Games for Teaching Mathematics in Nigeria: What Happens to Pupils’ Engagement and Traditional Classroom Dynamics?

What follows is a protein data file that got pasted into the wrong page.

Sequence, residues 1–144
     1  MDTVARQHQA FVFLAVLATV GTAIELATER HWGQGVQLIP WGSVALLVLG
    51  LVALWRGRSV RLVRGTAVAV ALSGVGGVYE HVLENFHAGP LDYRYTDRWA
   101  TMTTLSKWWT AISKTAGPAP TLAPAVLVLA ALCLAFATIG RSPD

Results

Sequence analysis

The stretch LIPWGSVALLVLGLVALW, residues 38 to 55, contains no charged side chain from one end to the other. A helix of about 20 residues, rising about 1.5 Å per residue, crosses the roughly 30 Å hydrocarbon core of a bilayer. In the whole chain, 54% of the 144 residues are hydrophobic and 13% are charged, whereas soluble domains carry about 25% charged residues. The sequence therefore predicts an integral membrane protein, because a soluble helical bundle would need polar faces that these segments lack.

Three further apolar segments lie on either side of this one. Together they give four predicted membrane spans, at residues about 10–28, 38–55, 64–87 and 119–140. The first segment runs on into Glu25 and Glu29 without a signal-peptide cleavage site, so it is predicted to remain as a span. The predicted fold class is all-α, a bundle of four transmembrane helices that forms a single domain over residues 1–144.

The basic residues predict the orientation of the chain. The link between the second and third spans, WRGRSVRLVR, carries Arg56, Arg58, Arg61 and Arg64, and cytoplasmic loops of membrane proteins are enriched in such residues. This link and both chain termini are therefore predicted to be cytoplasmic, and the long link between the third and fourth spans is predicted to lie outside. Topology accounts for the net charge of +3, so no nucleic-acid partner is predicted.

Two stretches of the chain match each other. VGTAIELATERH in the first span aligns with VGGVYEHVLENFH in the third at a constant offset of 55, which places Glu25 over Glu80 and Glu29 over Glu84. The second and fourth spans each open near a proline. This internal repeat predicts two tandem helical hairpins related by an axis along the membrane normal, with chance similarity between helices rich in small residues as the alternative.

Mathematics education is under threat in Nigeria. Young people report it as boring and difficult; teachers say young people are not engaged, even when they are achieving academically. Meanwhile, digital games are a part of everyday childhood. They are now being used to benefit young people academically as they have been shown to help motivate reluctant learners. This action research case study aims to determine if a digital educational game can stimulate interest and engagement with mathematics. SpeedyRocket, a digital educational game was designed and used in the classroom in three schools in rural Ado-Ekiti, Nigeria to teach pupils about estimation, as part of the mathematics curriculum. The evaluation was carried out with the pupils through a combination of a pupils' mathematics attitude questionnaire, and classroom observation. The results demonstrate significant improvements in attitude to and engagement with mathematics across the target group, after two weeks of using SpeedyRocket. Learners became co-creators of their own knowledge, sharing ideas, forging new learning pathways, competing, and cooperating with one another. Furthermore, the findings from this study provide insights into the changes that occur in the dynamics of the traditional classroom through the introduction of digital technology, especially in settings where it has not been previously used.